The Twilight Years
February 23, 2007 7:35 AM   Subscribe

Indian Government proposes bill to penalize children for neglecting their aged parents.
posted by hadjiboy (22 comments total)
 
God, what a terrible idea.

I think that a necessary part of the whole life equation is that if you're a shitty to your kids, your kids won't take care of you when you're old and crotchety.
posted by Afroblanco at 7:39 AM on February 23, 2007


This is why you have to kill your parents when they start getting infirm.
posted by Astro Zombie at 8:09 AM on February 23, 2007


Actually, you should chop them up and boil them. At that age, they're perfect for stew.
posted by Alex404 at 8:20 AM on February 23, 2007


Fuck that! Put 'em in the movies.
posted by dsword at 8:25 AM on February 23, 2007




I took a medical anthropology class last semester (continuing ed, so it was all adults), and we discussed this very subject. It is a huge insult to not take care of your parents in India. One classmate, who was born in India, said that it is one's major life duty to get married, have children, and raise them to take care of you in your old age. And, in truth, many elders are actually live-in babysitters of their grandchildren or other youth living in the house. In the poorer neighborhoods, if the man of the house leaves or dies, the grandmother is a blessing, as she can watch the children while the mother goes out to work.

As the article says, putting your elders out is an act of betrayal. Another classmate, also Indian-born and raised, said that the stigma against this action was not on the children who had done such an awful act, but rather on the dismissed parents, as if they had not done their job properly or were not worth keeping around.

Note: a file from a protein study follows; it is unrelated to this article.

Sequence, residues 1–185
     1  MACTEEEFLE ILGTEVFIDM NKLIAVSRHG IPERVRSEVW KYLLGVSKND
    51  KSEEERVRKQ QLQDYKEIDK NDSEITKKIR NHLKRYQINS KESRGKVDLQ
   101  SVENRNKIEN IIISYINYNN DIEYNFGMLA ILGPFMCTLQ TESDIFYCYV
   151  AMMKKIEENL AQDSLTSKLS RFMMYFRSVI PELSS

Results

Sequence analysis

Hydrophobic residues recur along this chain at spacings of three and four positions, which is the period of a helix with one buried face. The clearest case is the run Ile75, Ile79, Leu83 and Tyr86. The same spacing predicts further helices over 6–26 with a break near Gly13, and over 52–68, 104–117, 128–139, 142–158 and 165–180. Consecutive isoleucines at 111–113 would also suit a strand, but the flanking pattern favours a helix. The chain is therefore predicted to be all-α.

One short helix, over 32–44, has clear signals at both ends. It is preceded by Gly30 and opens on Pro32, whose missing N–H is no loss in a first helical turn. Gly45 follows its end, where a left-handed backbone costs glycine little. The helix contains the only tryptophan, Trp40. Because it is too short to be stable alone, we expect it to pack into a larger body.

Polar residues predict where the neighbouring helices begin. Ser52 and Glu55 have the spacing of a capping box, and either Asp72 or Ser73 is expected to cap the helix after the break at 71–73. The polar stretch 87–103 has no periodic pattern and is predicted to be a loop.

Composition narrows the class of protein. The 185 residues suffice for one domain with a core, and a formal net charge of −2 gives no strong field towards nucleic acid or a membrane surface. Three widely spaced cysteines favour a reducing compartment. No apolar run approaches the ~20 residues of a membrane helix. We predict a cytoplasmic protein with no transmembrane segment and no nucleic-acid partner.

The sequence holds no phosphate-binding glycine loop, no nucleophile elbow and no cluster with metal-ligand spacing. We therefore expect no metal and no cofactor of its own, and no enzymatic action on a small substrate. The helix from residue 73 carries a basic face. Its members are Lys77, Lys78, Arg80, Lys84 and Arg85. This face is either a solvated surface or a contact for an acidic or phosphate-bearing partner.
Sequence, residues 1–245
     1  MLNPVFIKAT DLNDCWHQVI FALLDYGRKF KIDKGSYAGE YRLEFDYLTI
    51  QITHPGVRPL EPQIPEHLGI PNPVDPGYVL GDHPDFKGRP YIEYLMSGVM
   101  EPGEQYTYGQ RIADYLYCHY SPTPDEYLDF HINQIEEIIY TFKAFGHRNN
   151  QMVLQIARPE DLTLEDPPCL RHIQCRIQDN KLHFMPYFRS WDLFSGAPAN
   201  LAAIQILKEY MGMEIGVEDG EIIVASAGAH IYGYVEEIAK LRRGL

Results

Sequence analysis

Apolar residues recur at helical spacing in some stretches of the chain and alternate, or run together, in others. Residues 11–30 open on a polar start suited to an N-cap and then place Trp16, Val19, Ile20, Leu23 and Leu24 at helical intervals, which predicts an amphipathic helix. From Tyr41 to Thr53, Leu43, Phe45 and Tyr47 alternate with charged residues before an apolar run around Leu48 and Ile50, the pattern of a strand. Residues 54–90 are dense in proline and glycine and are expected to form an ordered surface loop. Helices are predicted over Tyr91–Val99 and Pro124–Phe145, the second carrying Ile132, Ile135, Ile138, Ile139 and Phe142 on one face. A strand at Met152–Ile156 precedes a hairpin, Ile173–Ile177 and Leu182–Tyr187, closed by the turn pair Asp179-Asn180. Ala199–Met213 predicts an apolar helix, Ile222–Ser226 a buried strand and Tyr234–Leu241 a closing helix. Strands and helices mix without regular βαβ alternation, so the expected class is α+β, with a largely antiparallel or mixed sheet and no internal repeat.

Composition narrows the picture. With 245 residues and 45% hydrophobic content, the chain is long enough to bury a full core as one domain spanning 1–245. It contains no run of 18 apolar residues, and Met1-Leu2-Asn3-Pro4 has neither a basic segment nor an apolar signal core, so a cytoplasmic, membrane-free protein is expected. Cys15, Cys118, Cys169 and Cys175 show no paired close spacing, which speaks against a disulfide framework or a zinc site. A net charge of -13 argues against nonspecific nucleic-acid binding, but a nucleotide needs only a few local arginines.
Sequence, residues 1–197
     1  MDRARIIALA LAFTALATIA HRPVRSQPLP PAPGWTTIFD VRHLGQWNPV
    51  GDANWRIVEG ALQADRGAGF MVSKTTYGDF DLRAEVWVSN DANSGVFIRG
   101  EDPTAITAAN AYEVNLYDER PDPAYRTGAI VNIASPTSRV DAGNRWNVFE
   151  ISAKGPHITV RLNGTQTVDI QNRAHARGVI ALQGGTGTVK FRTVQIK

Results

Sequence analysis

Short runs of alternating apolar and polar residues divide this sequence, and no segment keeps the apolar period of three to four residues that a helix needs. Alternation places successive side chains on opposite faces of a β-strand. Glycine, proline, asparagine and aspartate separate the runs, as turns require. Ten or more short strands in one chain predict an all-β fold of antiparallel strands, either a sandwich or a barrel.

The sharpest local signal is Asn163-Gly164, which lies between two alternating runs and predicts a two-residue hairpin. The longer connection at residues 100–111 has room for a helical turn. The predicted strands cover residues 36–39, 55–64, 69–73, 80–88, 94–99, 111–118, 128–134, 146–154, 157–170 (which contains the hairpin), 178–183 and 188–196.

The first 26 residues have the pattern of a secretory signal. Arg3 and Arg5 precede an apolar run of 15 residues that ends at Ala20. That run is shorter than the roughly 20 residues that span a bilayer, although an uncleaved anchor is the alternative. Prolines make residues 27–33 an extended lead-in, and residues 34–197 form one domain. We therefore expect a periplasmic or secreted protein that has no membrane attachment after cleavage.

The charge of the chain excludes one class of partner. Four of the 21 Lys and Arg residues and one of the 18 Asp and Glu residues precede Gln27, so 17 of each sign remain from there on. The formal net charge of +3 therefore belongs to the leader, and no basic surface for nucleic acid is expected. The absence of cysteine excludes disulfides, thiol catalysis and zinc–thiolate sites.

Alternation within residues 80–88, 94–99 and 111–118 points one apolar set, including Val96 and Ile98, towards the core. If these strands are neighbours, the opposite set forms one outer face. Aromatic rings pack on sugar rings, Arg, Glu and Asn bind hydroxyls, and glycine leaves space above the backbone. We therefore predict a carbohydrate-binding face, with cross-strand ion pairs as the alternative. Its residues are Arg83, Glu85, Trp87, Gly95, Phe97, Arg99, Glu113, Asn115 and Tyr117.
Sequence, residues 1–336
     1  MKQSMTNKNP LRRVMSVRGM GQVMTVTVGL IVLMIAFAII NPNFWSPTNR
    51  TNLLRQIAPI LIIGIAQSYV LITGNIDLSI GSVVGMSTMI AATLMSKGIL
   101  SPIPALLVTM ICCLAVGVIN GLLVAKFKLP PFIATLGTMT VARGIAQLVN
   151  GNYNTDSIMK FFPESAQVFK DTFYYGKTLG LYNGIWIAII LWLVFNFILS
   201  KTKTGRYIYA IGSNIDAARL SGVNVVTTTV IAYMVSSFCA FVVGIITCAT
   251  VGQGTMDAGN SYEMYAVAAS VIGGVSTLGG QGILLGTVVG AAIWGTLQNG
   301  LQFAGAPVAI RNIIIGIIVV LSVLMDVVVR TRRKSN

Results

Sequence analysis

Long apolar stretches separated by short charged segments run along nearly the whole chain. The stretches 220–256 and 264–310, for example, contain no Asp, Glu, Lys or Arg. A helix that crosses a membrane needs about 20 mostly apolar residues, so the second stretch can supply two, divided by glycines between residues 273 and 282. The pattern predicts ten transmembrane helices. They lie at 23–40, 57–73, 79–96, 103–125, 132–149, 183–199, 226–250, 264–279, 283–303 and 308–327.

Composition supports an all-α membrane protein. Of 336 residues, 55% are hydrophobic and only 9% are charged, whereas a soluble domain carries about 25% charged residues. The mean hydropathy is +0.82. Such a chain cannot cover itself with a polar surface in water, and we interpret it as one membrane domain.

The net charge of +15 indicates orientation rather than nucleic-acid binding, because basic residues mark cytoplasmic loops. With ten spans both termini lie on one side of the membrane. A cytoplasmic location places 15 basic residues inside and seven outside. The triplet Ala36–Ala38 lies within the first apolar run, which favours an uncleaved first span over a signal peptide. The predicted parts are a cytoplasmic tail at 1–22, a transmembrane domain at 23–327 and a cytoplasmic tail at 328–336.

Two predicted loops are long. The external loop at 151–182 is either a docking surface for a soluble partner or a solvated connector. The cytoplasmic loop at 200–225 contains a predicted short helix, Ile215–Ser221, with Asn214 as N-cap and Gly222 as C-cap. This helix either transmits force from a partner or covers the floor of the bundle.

Another classmate, who was born and raised in Morocco, claimed that nursing homes were outright illegal in Morocco; the social rule about taking care of one's elders was that strong.

Meanwhile, the Americans in the class all discussed how when we get old, we want to remain as independent as possible. We work so hard all our lives to make a home for ourselves, and when we get old we don't want to give it up. It's a very different culture here, especially when it comes to end-of-life care.
posted by sarahnade at 8:52 AM on February 23, 2007


I don't know. It was always taught in my family that a parent takes care of their child, and then the child takes care of the parent. In my family, nursing homes are a last resort used only when caring for the parent at home is impossible, and even then there was a stigma of shame attached to sending them away.
posted by FunkyHelix at 9:15 AM on February 23, 2007


My mom has always told me that if she gets too old/sick to funtion properly, I should take her to a high mountain and shove her off a cliff.
posted by CrazyLemonade at 9:44 AM on February 23, 2007


My mother was awful to me during my childhood, and we haven't spoken in years. I'll probably still take care of her when she's old and crotchety, though. That Jell-O sure is sweet when it's served by the daughter you wrote off as a failure.
posted by katillathehun at 10:31 AM on February 23, 2007


My parents abused me as a child, and we are completely estranged. If they showed up on my doorstep looking for someone to take care of them, I would slam the door in their face.

And if they persisted, I'd call the cops.
posted by Jake Apathy at 10:34 AM on February 23, 2007


Afroblanco writes "I think that a necessary part of the whole life equation is that if you're a shitty to your kids, your kids won't take care of you when you're old and crotchety."

I always thought those horrible nursing homes featured on 48 Hours and 60 Minutes were advertising for parents to be nicer to their kids.

Personally, I feel that it's everyone's major life responsibility to have enough vices to kill you before you reach infirmity. I don't think running your own breeding program should be a requirement for retirement.
posted by mullingitover at 10:37 AM on February 23, 2007